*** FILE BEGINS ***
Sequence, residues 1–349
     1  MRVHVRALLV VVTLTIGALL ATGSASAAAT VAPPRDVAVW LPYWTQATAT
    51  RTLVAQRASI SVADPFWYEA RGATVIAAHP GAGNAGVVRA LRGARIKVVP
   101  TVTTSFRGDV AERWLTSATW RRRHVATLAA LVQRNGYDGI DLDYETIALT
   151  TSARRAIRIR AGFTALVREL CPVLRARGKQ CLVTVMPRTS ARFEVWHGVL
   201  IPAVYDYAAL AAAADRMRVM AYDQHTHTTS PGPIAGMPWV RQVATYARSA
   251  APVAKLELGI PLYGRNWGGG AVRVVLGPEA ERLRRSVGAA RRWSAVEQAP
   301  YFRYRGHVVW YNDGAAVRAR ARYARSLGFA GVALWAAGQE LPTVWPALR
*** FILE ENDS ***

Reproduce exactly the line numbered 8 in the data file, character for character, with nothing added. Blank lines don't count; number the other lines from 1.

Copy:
   301  YFRYRGHVVW YNDGAAVRAR ARYARSLGFA GVALWAAGQE LPTVWPALR